The traveling photographic exhibit The Power of Music has found a temporary home at Phoenix’s Musical Instrument Museum and will be displaying it’s collection of late 19th and early 20th century musically themed photos through Nov. 27.
Located in the MIM’s special exhibitions Target Gallery, The Power of Music is a showcase of 60 images reproduced from cabinet cards, cartes de visites and photographs, some dating back as early as 1860’s during the Civil War.
The MIM has enhanced the exhibit by hand selecting instruments from its vast supply to pair with various photographs, adding depth to the experience.
“The beauty of what we were able to do to augment the show is to pull instruments from our collection that are from the very same time period and many are exact examples of what you see in the images,” said April Salomon, Head of Exhibits and Multimedia at the MIM. “There’s a nice variety of instruments — everything from mandolins, clarinets, over-the-shoulder horns, a reed organ and even a Martin guitar from the late 19th century.”
Also featured in the gallery are screens displaying footage of musicians, quartets and bands such as the Bascom Lamar Lunceford Band, who can be viewed strumming and fiddling their way through their song “Dogget’s Gap” in a grainy black and white recording.
“All the video and audio content consists of clips that were chosen from the time period so you get to hear the music as well as what the instruments and singing sounded like,” Salomon said.
The epoch in which these photos were taken was a turbulent time in America. People were struggling through economic hardships and two wars. The photographs and videos seem to capture the emotional facets of these American musicians.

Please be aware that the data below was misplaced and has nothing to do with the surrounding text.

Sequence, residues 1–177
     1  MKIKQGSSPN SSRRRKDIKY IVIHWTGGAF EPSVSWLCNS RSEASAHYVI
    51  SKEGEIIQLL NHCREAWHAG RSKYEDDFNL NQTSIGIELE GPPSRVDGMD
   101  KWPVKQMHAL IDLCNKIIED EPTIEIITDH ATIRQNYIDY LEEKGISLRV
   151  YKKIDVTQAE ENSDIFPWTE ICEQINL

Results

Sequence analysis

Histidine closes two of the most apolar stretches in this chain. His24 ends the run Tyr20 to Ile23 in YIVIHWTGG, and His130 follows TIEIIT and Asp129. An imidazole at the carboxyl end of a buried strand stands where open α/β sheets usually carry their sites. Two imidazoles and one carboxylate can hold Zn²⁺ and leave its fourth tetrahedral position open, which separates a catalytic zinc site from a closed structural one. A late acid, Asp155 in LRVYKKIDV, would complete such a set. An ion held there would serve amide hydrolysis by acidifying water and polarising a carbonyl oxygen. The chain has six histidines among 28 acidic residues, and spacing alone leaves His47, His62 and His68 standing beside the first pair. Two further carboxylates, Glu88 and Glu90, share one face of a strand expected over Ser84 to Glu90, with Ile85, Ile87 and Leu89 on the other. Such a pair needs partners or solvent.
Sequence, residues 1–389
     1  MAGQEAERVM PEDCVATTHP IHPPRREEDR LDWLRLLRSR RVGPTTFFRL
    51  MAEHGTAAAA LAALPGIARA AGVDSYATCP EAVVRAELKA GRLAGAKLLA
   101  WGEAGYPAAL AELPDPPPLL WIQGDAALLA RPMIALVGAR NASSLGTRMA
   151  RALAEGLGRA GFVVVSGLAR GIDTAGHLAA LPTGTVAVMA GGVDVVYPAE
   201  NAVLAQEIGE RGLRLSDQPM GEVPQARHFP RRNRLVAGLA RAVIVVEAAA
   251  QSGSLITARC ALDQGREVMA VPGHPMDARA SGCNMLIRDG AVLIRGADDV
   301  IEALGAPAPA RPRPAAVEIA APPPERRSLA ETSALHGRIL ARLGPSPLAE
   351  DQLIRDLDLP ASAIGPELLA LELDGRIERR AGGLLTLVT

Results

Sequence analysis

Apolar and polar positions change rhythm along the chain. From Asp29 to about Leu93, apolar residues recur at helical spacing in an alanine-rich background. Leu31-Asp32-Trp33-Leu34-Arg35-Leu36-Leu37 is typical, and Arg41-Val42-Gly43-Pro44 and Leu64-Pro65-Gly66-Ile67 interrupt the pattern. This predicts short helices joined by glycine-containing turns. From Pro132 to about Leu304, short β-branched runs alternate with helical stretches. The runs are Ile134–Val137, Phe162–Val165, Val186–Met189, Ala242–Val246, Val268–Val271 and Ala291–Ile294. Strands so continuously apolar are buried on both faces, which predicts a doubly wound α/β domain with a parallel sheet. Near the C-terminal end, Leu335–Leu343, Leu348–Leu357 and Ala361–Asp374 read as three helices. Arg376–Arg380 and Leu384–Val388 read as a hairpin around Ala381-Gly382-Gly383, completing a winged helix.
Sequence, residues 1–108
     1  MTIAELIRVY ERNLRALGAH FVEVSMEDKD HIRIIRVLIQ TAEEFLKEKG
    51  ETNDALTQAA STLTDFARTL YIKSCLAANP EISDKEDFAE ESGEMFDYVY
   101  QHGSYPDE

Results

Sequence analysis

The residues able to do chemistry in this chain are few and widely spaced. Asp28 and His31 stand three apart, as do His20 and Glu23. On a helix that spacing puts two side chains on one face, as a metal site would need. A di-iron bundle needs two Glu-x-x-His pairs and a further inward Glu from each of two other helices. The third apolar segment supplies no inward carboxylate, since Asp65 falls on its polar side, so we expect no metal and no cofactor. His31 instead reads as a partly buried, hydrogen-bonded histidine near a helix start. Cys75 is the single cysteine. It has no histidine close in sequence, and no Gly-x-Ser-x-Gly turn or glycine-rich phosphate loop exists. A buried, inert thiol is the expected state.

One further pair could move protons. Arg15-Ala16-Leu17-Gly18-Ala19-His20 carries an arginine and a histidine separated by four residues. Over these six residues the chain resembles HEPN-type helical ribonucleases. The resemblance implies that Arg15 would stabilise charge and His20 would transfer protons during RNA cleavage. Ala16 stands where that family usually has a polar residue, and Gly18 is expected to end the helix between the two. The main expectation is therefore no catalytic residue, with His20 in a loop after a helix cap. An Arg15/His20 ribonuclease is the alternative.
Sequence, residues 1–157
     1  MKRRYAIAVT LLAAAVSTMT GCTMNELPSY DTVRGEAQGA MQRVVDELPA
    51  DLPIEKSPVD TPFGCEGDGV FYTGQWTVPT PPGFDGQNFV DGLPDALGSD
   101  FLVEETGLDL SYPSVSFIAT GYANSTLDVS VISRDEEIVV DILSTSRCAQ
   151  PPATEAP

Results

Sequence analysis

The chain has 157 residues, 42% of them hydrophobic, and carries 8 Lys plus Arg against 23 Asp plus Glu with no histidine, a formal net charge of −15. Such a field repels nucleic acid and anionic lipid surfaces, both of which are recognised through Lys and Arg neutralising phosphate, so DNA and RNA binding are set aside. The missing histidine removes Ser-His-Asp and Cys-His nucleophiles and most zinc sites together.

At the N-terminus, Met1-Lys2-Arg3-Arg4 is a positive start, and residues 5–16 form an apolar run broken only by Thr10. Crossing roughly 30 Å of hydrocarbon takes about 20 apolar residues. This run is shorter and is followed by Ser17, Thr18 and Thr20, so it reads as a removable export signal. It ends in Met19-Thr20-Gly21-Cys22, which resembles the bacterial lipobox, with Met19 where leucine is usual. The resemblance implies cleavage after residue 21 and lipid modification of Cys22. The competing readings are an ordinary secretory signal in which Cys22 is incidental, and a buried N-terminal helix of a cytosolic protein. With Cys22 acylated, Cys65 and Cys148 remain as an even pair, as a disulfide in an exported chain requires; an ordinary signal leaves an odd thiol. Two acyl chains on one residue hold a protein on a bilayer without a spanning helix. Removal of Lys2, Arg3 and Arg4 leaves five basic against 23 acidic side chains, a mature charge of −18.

“It’s an expression of human emotion and certainly during this time period there was a lot going on in this country,” Salomon said. “People still found a way to come together and have a sense of community and play music for various reasons. I think it’s a really cool way to sort of look back in many ways to where we have come from.”
In an interesting juxtaposition, The Power of Music is located directly next to the MIM’s artist/celebrity gallery. Just feet from an old Reed Organ and a few mandolins being displayed in the exhibit, one can see the piano John Lennon used to compose “Imagine” or Fender guitars played by Eric Clapton. In one swift glance, you can see the musical progress that has been made in over a century.
To coincide with The Power of Music, the MIM has held events and lectures relating to the exhibit. On Nov. 20 there will be a banjo workshop for beginning and intermediate musicians taught by Rich Chapman.
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